Editor's note: .
It’s been a little less than two months since Jason McCarty started a Fridley Cancer Cluster Facebook group as “a place to discuss the cancer that is prevalent in Fridley.”
The group’s 330 members are abuzz with anecdotal evidence of friends and family who have contracted cancers, health tips, worries about environmental risk-factors such as radon exposure and plans to attract the interest of consumer advocate Erin Brockovich.
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In an email response to a member of the group, a senior epidemiologist at the Minnesota Department of Health rates over the last decade and found them significantly higher than the state average.
State epidemiologist John Soler found that Fridley’s cancer rates were 10 percent higher than the state average between 2000 and 2009, according to data from the Minnesota Cancer Surveillance System.
Lung cancer rates were 30 percent higher than expected, with incidents among women elevated 48 percent above the state average, figures Soler called “statistically significant.”
Read Soler's .
Many members of the Fridley Cancer Cluster speculated that the high cancer rates might be due to water contamination, but Soler said that the data was “not alarming” and did not prove that environmental factors are to blame.
“One becomes very weary about looking at high rates and saying, ‘Oh, is there something environmental there?’” Soler said in an interview. “For the most part, a lot of it is driven by smoking habits, and that’s not to say that pollution doesn’t cause cancer, but you often can’t see the effect of pollution.”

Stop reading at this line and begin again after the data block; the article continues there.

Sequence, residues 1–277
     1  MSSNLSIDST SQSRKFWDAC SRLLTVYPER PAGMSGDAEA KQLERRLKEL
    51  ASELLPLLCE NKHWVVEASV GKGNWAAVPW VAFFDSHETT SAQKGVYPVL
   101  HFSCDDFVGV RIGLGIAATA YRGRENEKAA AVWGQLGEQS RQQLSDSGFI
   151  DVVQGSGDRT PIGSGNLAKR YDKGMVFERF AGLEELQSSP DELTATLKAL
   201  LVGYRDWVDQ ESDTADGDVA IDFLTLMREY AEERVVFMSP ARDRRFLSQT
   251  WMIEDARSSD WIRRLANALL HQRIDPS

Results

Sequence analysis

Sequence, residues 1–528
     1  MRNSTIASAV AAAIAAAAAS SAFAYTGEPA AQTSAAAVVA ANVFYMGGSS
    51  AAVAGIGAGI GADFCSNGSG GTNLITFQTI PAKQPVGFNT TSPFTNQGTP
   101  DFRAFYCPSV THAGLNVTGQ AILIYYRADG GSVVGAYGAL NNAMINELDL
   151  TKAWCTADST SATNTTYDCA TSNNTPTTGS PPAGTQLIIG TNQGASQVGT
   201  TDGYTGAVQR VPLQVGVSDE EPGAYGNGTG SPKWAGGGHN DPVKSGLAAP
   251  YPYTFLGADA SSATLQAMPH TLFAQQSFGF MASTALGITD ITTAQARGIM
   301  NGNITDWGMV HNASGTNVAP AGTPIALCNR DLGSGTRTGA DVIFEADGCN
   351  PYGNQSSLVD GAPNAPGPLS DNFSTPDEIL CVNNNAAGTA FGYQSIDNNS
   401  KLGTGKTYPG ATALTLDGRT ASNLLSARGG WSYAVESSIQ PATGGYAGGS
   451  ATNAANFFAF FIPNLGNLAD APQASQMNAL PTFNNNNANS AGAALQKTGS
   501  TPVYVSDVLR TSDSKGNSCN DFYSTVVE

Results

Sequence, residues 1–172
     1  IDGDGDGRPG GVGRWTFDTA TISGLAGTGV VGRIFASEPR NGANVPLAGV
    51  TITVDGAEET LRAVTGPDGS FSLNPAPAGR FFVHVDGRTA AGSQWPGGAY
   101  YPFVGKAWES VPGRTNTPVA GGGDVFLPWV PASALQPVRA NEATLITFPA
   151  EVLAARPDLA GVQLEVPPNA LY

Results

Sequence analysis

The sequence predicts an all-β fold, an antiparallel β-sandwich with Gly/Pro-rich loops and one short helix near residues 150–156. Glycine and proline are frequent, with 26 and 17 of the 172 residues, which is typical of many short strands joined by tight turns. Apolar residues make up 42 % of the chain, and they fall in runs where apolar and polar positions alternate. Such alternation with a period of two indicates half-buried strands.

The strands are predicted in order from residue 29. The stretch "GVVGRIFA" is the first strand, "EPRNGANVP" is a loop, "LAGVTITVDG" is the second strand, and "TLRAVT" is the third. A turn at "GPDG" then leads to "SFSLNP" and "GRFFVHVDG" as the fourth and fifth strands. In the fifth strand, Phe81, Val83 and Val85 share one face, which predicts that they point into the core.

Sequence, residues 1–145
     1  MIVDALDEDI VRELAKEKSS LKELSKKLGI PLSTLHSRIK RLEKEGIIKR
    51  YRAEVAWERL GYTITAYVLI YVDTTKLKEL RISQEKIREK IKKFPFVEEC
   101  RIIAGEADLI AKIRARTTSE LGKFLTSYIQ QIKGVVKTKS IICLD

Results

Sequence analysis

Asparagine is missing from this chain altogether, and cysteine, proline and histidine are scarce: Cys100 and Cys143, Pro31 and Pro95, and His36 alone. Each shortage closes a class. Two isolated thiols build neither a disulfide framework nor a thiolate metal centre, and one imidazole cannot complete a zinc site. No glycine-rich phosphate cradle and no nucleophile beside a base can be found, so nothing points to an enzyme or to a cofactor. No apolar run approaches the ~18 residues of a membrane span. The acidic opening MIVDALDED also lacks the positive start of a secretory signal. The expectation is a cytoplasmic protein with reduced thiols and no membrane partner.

Soler said that when a town’s residents move, it can skew results, and cancer’s long gestation period—10 to 30 years between exposure and illness—makes environmental studies prohibitively expensive.
“We’re not going to be able to tell you whether the cancers in this community are caused by polluted waters or not,” he said. “We have a person’s address at the date where they’re diagnosed, nothing else.”
The loosely coordinated Fridley Cancer Cluster group is making rough strides to collect data, with members asking other members to contribute accounts of residents and former residents who have contracted cancer.
Looking at the group’s discussion page, it seems everybody has a cancer story. Typical comments include a victim, a cancer and a location: “My dad died in ‘73 from cancer as well,” one member wrote. “We lived on 68th and Washington.”
Soler said as life expectancy increases, so do cancer contraction rates.
“Half of us in Minnesota are going to be diagnosed with cancer at some point in our lives,” Soler said. “Most people look around and even if they don’t know it’s 50-50, it surprises people.”